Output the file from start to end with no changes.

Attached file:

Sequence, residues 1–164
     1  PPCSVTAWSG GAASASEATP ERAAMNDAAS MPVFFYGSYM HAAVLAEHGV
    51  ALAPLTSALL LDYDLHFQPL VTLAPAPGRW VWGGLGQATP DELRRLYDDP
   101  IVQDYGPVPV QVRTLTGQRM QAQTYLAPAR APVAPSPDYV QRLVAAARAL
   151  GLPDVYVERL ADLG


Sequence, residues 1–164
     1  PPCSVTAWSG GAASASEATP ERAAMNDAAS MPVFFYGSYM HAAVLAEHGV
    51  ALAPLTSALL LDYDLHFQPL VTLAPAPGRW VWGGLGQATP DELRRLYDDP
   101  IVQDYGPVPV QVRTLTGQRM QAQTYLAPAR APVAPSPDYV QRLVAAARAL
   151  GLPDVYVERL ADLG